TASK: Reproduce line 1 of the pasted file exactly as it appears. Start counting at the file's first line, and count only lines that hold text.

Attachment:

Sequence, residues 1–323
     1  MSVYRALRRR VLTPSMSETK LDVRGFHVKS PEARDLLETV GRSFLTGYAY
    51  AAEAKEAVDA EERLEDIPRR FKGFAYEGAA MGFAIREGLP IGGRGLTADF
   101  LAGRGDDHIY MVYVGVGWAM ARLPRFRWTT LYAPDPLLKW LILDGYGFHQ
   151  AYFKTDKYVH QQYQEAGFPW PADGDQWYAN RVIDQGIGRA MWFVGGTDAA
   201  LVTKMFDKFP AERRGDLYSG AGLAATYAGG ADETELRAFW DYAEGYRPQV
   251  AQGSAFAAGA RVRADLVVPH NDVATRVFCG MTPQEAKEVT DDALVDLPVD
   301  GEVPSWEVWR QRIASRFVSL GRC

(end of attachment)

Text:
Sequence, residues 1–323